A Mommy Blog About Raising Men, Not Boys.
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Sunday, March 24, 2013

My Caretaker

As we age, eventually we stop being the caretakers, and our children take care of us. My friend used to call her children her "grocery carriers", because according to her, when she got old they had to bring her groceries.

Yesterday I went to get progressive lenses fit into my awesome nerdy Wayfarer glasses. I love them because they are green and blue and geeky, and while I don't love the progressives - it was time. Last time I got glasses I was on the cusp, this time I was full on in the valley of being in need.

It took 90 minutes for them to fit the lenses into my existing frames, so my family and I dropped off my frames and we went putzing around the mall. This immediately seemed like a bad idea, as I realized how very BLIND I am. I don't go anywhere but the bathroom at 3am without my glasses anymore.  I felt like an enfeebled old woman, holding on to my 10 year old's hand, whispering "Don't let go of me" as he walked me through the mall.

We stopped at the book store and went into Starbucks for a much needed coffee, my caffeine deficit was playing hell with me too, and as we sat at a table waiting on my husband to get our coffees, Julia looks at me and exclaims "MOMMY! WHERE ARE YOUR GLASSES???"

I leaned over and whispered, "Shhhh, they are fixing my glasses they are at the shop. Hush." The Starbucks patrons were giving us the eye. Or, I thought they were. I couldn't actually see that they were.

She wasn't to be thwarted, "DADDY! DADDY! MOMMY DOESN'T HAVE HER GLASSES!! DAAAADDDYYYYY!" she called across the coffee shop.

I leaned closer and hissed "Hush sweetie, shhhhhhh, it's ok...."

at which point she turned around, put her hand on her arm and said, "Shhh, Mommy it's ok. I've got this."
Deep thought !

I guess she's already my caretaker, at age two.


Tuesday, March 19, 2013

Hail Ya'll

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Sunday, March 17, 2013

Define Typical

I've decided that learning how to make lots of kinds of bread is my new thing. Processed bread is just so...PROCESSED. It's normal to most of us, but when you start learning how to bake your own bread, the first thing you realize is that what you consider to be "typical" white bread, isn't typical at all. In fact, after having made a few loaves now, I'd like to throw out there that I'm not sure that any of us have any idea WHAT bread is supposed to be. We've lost the knowledge of what was once the norm.

Today I decided to learn to make English Muffin Bread. I recently picked up that Holy Grail of cookbooks at a consignment sale, the Betty Crocker Cookbook. I got the big one, not the version for girls who don't cook like I've used for 20 years.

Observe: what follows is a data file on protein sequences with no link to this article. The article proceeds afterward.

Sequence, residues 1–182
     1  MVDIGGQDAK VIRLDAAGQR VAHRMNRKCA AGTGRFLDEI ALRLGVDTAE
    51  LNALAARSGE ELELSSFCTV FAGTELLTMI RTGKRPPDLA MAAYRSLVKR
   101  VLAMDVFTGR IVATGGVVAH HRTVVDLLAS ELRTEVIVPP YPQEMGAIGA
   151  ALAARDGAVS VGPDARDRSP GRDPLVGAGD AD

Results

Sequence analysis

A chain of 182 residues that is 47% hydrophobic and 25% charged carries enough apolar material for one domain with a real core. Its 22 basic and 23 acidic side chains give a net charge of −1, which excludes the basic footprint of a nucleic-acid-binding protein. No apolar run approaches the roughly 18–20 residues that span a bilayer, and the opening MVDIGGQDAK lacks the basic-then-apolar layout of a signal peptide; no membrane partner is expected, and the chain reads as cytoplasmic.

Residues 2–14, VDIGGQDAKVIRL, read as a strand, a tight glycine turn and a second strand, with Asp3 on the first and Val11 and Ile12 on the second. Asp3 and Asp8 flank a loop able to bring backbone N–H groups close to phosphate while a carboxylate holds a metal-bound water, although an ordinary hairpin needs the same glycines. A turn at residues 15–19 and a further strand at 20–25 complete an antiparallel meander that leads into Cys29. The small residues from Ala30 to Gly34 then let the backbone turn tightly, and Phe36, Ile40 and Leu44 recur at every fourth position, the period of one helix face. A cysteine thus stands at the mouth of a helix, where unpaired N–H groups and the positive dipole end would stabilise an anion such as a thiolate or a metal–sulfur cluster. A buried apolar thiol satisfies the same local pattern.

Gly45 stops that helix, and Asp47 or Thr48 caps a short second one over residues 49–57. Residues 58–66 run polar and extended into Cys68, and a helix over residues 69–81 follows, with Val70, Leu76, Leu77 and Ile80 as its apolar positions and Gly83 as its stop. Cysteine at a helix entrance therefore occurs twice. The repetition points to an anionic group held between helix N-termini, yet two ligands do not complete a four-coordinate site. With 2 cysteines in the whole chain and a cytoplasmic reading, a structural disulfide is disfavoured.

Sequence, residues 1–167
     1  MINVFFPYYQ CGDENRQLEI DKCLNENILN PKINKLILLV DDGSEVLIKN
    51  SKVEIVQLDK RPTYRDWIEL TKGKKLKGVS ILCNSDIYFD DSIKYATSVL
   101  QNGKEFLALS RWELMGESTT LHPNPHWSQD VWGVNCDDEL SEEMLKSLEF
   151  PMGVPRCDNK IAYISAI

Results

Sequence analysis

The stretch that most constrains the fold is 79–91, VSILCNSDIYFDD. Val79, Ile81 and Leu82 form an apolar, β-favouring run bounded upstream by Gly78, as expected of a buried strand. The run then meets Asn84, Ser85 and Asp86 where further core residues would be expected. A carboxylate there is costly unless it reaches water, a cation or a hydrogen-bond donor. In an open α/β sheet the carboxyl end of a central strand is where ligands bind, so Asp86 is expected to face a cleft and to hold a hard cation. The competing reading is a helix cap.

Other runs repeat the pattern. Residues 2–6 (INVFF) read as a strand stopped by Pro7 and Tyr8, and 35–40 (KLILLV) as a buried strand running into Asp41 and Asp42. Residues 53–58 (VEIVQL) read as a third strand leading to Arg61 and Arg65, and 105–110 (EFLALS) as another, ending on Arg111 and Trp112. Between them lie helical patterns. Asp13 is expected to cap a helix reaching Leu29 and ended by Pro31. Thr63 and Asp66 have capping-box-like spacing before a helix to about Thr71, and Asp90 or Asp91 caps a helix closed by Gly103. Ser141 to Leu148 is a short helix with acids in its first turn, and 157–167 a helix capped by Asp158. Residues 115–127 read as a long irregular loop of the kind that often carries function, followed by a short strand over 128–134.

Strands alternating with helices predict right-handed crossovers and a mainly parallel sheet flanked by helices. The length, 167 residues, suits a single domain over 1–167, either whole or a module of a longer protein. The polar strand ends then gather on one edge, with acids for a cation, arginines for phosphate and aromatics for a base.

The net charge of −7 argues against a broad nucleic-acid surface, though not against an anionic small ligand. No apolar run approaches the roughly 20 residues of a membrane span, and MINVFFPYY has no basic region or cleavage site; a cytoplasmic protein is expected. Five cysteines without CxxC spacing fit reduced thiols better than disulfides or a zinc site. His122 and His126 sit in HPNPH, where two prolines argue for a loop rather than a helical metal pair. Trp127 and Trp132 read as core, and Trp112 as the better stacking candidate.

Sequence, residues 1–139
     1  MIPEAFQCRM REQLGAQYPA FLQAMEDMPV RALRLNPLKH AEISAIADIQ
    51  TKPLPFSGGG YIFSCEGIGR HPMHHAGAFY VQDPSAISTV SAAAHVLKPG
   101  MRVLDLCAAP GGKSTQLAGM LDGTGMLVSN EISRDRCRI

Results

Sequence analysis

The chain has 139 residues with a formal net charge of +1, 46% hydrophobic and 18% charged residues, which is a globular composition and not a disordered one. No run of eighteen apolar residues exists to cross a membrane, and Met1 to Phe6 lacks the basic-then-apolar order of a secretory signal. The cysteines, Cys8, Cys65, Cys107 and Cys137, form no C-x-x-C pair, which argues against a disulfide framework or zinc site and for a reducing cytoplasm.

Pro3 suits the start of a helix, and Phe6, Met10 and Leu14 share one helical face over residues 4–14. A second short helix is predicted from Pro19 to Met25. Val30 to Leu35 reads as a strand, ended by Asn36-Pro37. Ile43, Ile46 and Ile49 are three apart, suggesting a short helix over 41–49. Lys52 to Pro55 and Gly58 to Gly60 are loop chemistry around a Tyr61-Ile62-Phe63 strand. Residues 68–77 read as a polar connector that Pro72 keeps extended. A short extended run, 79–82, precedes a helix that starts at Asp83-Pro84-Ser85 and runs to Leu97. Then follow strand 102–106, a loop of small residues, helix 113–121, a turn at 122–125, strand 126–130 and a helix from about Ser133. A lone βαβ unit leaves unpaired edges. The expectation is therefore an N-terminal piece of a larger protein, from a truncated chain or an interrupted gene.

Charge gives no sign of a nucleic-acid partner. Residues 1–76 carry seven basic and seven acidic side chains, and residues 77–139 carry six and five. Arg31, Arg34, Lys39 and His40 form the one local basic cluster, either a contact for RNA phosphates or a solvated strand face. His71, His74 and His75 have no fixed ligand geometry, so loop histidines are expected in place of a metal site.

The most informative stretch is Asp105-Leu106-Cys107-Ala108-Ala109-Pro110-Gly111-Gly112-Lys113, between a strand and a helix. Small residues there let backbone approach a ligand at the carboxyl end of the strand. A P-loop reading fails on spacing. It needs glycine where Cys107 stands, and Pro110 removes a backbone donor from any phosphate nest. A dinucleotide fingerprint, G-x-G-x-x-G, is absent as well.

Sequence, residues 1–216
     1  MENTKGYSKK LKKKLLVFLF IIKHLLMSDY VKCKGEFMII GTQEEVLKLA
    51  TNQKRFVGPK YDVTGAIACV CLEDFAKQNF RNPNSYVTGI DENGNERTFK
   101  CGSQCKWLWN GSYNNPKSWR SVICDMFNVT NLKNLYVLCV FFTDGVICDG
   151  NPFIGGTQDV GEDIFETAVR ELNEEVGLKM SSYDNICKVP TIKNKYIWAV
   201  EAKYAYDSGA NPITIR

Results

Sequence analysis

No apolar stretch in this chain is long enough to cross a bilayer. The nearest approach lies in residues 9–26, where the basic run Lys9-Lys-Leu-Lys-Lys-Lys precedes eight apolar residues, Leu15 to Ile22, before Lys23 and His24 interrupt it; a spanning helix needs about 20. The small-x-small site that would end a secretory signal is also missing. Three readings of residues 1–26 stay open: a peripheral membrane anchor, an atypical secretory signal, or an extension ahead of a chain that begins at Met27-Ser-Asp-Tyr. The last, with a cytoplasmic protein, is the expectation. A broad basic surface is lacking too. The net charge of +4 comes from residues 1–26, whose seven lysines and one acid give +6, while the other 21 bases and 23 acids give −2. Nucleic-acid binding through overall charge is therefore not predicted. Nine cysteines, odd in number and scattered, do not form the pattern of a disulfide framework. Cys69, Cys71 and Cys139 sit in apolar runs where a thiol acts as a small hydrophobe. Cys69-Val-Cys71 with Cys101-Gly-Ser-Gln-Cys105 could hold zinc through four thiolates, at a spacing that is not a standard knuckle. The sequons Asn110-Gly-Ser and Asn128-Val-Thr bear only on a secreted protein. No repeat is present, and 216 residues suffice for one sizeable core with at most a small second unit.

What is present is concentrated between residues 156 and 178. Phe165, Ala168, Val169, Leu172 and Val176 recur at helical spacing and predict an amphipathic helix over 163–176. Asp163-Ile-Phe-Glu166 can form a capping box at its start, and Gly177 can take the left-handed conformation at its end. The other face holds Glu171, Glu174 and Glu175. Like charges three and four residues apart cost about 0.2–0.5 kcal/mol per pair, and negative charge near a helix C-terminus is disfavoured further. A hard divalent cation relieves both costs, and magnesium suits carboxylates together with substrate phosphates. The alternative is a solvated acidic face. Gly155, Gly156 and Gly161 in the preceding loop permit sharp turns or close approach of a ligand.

The first thing I realized paging through the well worn BREADS section was this, there are about 1000 kinds of bread and bread products and none of them are a bit like your store bought white bread. They take work, they are hard and involve patience, and work. You have to pay attention to what is happening.
The girl and I made two loaves of English Muffin bread this morning, me doing the measuring and she doing the mixing. While the bread rose, I ran upstairs and took a quick shower, shaved my legs and hurried back downstairs. When I came back downstairs, I was overwhelmed with the undeniable fact that one or both of the twins needed a diaper. It was no joke and emergency status. 
A quick diaper change and and endless handscrubbing later it was time to bake the bread.

At that point a fight broke out in the living room, involving hair pulling and scratching. 

This is a normal Sunday. It's typical in my world. It's probably not typical in yours. It's unlikely that you have 8 year olds in diapers, or one who caterwalls like a desperate cat in heat for hours at a time. You don't have to juggle the 24/7 care of them with the balance of a two year old who is trying desperately to push her way out of the nest.

Life can be hard, take work and patience. But I think making bread has helped remind me that things worth having, ARE.

I feel more and more that there is no typical. Just variations of reality that are more or less in line with the mainstream. My typical kids are typical unto themselves, as are my special little guys. That's probably all that actually matters.

And they loved the bread. Which is obviously most important.

Wednesday, March 13, 2013

Dear Officers - STOP DOING THIS